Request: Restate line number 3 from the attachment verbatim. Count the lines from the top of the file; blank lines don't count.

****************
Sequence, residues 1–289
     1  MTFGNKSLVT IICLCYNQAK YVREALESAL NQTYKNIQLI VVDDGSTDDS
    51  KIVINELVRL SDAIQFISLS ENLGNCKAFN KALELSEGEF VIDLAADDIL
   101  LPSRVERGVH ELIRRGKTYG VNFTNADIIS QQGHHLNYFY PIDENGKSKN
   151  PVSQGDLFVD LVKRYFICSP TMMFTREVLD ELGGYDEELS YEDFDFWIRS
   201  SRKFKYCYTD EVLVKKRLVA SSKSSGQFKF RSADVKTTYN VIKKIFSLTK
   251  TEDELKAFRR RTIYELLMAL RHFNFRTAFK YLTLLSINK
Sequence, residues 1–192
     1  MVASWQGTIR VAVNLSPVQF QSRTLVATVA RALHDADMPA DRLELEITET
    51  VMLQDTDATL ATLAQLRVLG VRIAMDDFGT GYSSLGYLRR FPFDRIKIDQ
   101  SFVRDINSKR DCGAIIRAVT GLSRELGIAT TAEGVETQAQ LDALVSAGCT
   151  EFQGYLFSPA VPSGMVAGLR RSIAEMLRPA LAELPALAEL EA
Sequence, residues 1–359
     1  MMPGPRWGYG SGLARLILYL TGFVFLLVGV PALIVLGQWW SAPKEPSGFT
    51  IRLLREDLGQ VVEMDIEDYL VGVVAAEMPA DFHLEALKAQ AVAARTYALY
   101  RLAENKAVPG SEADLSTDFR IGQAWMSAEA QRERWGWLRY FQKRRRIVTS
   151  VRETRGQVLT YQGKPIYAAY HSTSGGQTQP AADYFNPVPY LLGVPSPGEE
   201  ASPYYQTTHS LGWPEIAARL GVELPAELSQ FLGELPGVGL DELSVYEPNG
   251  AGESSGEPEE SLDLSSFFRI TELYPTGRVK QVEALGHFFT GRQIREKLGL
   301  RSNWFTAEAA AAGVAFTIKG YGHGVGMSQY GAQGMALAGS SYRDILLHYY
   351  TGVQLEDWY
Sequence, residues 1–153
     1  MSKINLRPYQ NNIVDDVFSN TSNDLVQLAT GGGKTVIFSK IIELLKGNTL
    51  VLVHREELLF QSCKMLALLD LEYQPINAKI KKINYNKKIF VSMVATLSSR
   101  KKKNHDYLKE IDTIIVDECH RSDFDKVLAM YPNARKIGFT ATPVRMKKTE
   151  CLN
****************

    51  KIVINELVRL SDAIQFISLS ENLGNCKAFN KALELSEGEF VIDLAADDIL